Road Risks Insurance: First and foremost, if you are driving a client’s vehicle, even if it is on your own business premises, you will need to take out road risks insurance to protect yourself. Road risk cover ensures you can legally drive other peoples’ vehicles during the course of your business.
Tradex’s valeting road risks motor trade policy will cover you to move a customer’s vehicle up to a specific value whilst it is under your control. You will also be insured to drive your customers’ vehicles on the road (such as collection and delivery). As part of the policy, there are options to bring down the premium including limiting the area of your operations.
When selecting your road risks insurance, it is recommended that you choose a fully comprehensive policy to ensure that you are also personally covered should you damage yourself or the company’s vehicles during the normal running of your business. Third party or third-party fire and theft may seem a more cost-effective option when you are just starting out, but it means your or your vehicles won’t be covered should an accident occur.
Public Liability Insurance: This will cover you for legal liabilities arising from claims by customers or members of the public for injury or damage to property caused by the actions of you or your employees. For example, if a customer came back to pick up his or her valeted car, slipped on a wet floor, banged his or her head on a piece of equipment and suffered concussion or, worse, brain damage, you could be looking considerable damages. Public liability insurance would provide you with cover towards meeting the financial claim on you from legal to health costs.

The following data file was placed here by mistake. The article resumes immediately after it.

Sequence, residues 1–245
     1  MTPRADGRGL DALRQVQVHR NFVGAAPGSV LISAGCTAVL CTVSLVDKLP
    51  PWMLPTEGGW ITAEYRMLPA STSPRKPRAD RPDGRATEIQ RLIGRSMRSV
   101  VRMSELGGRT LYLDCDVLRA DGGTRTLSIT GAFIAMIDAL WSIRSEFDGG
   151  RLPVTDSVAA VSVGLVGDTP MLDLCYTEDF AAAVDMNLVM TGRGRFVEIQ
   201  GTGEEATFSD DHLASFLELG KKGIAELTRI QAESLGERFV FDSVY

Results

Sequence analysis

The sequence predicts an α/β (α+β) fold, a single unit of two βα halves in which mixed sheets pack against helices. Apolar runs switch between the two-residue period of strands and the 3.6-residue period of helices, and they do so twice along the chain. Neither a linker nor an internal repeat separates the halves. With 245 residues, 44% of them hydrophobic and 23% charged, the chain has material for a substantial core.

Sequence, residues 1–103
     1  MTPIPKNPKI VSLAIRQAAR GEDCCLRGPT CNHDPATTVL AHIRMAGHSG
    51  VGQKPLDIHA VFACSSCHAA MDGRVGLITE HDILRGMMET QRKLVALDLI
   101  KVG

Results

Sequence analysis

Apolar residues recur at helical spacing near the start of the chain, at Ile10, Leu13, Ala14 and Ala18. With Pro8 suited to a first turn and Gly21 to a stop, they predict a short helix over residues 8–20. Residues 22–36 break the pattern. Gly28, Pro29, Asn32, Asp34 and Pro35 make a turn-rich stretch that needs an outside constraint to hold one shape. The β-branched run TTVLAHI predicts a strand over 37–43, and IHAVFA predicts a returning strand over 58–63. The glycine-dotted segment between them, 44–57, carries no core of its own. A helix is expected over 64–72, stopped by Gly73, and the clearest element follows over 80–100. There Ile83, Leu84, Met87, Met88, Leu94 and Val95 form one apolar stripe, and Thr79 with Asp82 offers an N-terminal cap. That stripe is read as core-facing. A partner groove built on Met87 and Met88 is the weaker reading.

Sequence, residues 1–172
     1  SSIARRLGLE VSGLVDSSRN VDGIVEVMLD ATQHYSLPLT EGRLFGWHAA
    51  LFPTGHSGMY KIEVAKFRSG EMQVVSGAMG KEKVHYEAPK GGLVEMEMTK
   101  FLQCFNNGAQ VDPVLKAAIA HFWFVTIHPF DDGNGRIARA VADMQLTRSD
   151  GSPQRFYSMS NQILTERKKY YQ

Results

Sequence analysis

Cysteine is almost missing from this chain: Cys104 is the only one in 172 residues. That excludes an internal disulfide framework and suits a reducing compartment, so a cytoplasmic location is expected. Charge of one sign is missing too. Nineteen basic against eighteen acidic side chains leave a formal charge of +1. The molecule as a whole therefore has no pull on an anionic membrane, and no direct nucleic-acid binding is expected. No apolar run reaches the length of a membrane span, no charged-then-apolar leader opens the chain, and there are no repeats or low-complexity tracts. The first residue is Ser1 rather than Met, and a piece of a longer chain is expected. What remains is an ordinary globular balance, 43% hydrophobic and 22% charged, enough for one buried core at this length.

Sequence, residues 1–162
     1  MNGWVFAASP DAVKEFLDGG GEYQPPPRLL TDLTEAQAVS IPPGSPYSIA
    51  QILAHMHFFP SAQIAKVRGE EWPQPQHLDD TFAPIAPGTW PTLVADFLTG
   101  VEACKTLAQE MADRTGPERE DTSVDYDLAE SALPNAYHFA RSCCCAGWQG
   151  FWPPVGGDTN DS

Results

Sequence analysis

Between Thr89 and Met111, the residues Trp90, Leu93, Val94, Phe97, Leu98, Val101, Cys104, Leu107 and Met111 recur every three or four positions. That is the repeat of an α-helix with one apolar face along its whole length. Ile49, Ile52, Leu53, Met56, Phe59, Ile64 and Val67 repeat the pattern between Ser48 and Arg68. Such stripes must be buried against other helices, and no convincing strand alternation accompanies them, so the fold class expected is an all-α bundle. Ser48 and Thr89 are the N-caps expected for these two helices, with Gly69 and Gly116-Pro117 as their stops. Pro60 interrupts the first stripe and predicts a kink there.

Products Liability Insurance: This is generally recommended alongside public liability insurance, covering your legal liabilities from claims arising for injury or damage to property as a result of products or advice you have provided. For example, if you recommend a certain type of polish or wax that ends up damaging someone’s paintwork, they could sue for damages.
Employer’s Liability Insurance: Once you start taking on employees you are required by law to arrange employer’s Liability Insurance to indemnify you against claims by employees who have an accident at work and hold you responsible. Using chemicals and electrical equipment requires care and attention. If a member of staff were to accidentally spill a chemical on themselves causing skin irritation or burns, they may be entitled to compensation. Employer’s liability insurance will cover your legal costs and the medical expenses of the employee, as well as any compensation you are liable to pay out due to the accident.
Tools & Equipment Cover: Whether you are running a mobile van or have a business at premises, you will be purchasing a considerable amount of equipment. This will cover your goods, plant machinery, stock and portable hand tools kept in your van. Cover is also available for tools left overnight. Should something happen to your tools, for example they were destroyed in a fire or stolen, it is important that you can get up and running as soon as possible, so it is reassuring to know you will be recompensed for any loss.
Business Interruption Insurance: This type of insurance may well help you if you were to find yourself unable to work due to an accident or illness, damage caused to your premises or equipment by flood, fire, or storms, or even the breakdown of essential equipment. This can help tide you over while you get back on your feet and could also cover the cost of trading from alternative premises whilst yours is being restored. You will generally receive compensation for your salary and other expenses you may incur depending on your policy.